This article is about the surgical procedure called a tracheotomy.
1 - Vocal folds 2 - Thyroid cartilage 3 - Cricoid cartilage 4 - Tracheal rings 5 - Balloon cuff
Among the oldest described surgical procedures, tracheotomy (also referred to as tracheostomy) consists of making an incision on the anterior aspect of the neck and opening a direct airway through an incision in the trachea. The resulting stoma can serve independently as an airway or as a site for a tracheostomy tube to be inserted; this tube allows a person to breathe without the use of his or her nose or mouth. Both surgical and percutaneous techniques are widely used in current surgical practice.
Etymology and terminology
The etymology of the word tracheotomy comes from two Greek words: the root tom- (from Greek τομή) meaning "to cut", and the word trachea (Greek τραχεία). The word tracheostomy, including the root stom- (from Greek στόμα) meaning "mouth," refers to the making of a semi-permanent or permanent opening, and to the opening itself. Some sources offer different definitions of the above
In the acute setting, indications for tracheotomy include such conditions as severe facial trauma, head and neck cancers, large congenital tumors of the head and neck (e.g., branchial cleft cyst), and acute angioedema and inflammation of the head and neck. In the context of failed orotracheal or nasotracheal intubation, either tracheotomy or cricothyrotomy may be performed. In the chronic setting, indications for tracheotomy include the need for long-term mechanical ventilation and tracheal toilet (e.g. comatose patients, or extensive surgery involving the head and neck). In extreme cases, the procedure may be indicated as a treatment for severe Obstructive Sleep Apnea seen in patients intolerant of Continuous Positive Airway Pressure (CPAP) therapy.
Tracheostomy tube (The bottom item is a guide to aid insertion) As with most other surgical procedures, some cases are more difficult than others. Surgery on children is more difficult because of their smaller size. Difficulties such as a short neck and bigger thyroid glands make the trachea hard to open. There are other difficulties with patients with irregular necks, the obese, and those with a large goitre. The many possible complications include hemorrhage, loss of airway, subcutaneous emphysema, wound infections, stomal cellulites, fracture of tracheal rings, poor placement of the tracheotomy tube, and bronchospasm".
By the late 19th century, some surgeons had become proficient in performing the tracheotomy. The main instruments used were:
“Two small scalpels, one short grooved director, a tenaculum, two aneurysm needles which may be used as retractors, one pair of artery forceps, haemostatic forceps, two pairs of dissecting forceps, a pair of scissors, a sharp-pointed tenotome, a pair of tracheal forceps, a tracheal dilator, tracheotomy tubes, ligatures, sponges, a flexible catheter, and feathers”. Haemostatic forceps were used to control bleeding from separated vessels that were not ligatured because of the urgency of the operation. Generally, they were used to expose the trachea by clamping the isthmus thyroid gland on both sides. To open the trachea physically, a sharp-pointed tentome allowed the surgeon easily to place the ends into the opening of the trachea. The thin points permitted the doctor a better view of his incision. Tracheal dilators, such as the “Golding Bird”, were placed through the opening and then expanded by “turning the screw to which they are attached.” Tracheal forceps, as displayed on the right, were commonly used to extract foreign bodies from the larynx. The optimum tracheal tube at the time caused very little damage to the trachea and “mucus membrane”.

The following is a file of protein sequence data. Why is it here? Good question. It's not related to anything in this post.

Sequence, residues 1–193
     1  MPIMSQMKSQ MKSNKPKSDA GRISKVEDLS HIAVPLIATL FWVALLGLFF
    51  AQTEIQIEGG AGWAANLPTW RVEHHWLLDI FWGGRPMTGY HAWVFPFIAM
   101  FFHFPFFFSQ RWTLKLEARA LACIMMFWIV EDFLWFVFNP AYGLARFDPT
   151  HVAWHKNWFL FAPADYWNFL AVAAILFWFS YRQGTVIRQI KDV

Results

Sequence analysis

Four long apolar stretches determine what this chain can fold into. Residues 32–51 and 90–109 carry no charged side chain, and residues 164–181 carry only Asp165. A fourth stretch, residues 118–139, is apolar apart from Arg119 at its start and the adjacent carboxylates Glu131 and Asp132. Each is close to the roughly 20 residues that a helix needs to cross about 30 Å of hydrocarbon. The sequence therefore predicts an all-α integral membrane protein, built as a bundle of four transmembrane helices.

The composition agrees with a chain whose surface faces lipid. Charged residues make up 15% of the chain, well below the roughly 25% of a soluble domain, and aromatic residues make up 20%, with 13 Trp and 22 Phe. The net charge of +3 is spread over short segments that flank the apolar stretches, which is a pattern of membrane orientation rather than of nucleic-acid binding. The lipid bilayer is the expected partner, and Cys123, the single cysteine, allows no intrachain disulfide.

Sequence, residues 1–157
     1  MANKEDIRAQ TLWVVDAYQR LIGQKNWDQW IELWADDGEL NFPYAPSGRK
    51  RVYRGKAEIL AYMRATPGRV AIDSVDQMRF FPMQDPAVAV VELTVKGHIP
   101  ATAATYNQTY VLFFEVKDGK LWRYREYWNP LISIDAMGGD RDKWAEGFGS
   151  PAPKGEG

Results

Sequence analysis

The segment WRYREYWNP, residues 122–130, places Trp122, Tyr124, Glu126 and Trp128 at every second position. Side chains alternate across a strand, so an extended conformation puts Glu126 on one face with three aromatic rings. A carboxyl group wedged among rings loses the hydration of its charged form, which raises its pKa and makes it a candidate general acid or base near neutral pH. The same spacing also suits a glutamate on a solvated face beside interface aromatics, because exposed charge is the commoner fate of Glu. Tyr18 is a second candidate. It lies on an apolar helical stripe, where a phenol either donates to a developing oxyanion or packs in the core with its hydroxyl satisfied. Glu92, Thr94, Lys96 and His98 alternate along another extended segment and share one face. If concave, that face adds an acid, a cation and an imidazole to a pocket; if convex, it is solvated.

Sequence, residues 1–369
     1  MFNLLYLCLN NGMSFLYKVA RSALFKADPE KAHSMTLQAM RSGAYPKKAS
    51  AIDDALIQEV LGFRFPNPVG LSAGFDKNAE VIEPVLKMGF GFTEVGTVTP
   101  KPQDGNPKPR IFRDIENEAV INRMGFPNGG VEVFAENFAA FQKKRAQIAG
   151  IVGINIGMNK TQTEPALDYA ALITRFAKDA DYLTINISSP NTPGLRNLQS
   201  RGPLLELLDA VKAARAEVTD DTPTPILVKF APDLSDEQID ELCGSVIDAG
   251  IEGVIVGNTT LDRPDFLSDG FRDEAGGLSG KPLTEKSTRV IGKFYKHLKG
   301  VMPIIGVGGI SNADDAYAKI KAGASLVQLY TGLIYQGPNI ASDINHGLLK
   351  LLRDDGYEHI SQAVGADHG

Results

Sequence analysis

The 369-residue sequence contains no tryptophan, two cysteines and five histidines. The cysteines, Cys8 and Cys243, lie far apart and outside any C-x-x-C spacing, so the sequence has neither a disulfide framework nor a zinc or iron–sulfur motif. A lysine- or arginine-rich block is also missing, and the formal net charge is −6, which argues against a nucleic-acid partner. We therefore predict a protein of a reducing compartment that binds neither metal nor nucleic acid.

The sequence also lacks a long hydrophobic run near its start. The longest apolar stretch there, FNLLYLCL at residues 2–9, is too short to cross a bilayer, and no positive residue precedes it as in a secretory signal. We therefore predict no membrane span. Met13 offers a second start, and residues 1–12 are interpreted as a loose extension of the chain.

The best position for a tracheotomy was and still is one that forces the neck into the biggest prominence. Usually, the patient was laid on his back on a table with a cushion placed under his shoulders to prop him up. The arms were restrained to ensure they would not get in the way later. The tools and techniques used today in tracheotomies have come a long way. The tracheotomy tube placed into the incision through the windpipe comes in various sizes, thus allowing a more comfortable fit and the ability to remove the tube in and out of the throat without disrupting support from a breathing machine. In today’s world general anesthesia is used when performing these surgeries, which makes it much more tolerable for the patient. Special tracheostomy tube valves (such as the Passy-Muir valve) have been created to assist people in their speech. The patient can inhale through the unidirectional tube. Upon expiration, pressure causes the valve to close, redirecting air around the tube, past the vocal folds, producing sound.
The tracheotomy underwent centuries of denial and rejection as well as much failure. Today, it is accepted and has saved the lives of hundreds of thousands of patients.
While there were some earlier false starts, the first widely accepted Percutaneous Tracheotomy technique was described by Pat Ciaglia, a New York surgeon, in 1985. This technique involves a series of sequential dilatations using a set of seven dilators of progressively larger size. The next widely used technique was developed in 1989 by Bill Griggs, an Australian intensive care specialist. This technique involves the use of a specially modified pair of forceps with a central hole enabling them to pass over a guidewire enabling the performance of the main dilation in a single step. Since then a number of other techniques have been described. A variant of the original Ciaglia technique using a single tapered dilator known as a "blue rhino" is the most commonly used of these newer techniques and has largely taken over from the early multiple dilator technique. The Griggs and Ciaglia Blue Rhino techniques are the two main techniques in current use. A number of comparison studies have been undertaken between these two techniques with no clear differences emerging